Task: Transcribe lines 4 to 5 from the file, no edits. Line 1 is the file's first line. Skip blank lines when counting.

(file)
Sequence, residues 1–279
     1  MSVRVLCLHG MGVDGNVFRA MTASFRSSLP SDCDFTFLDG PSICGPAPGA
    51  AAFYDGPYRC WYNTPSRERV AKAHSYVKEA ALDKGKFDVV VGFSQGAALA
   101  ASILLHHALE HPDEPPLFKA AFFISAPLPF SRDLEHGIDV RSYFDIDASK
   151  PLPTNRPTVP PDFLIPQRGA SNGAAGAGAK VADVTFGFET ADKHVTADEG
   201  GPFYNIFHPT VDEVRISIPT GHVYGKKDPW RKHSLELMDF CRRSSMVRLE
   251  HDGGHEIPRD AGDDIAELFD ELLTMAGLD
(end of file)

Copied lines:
   101  ASILLHHALE HPDEPPLFKA AFFISAPLPF SRDLEHGIDV RSYFDIDASK
   151  PLPTNRPTVP PDFLIPQRGA SNGAAGAGAK VADVTFGFET ADKHVTADEG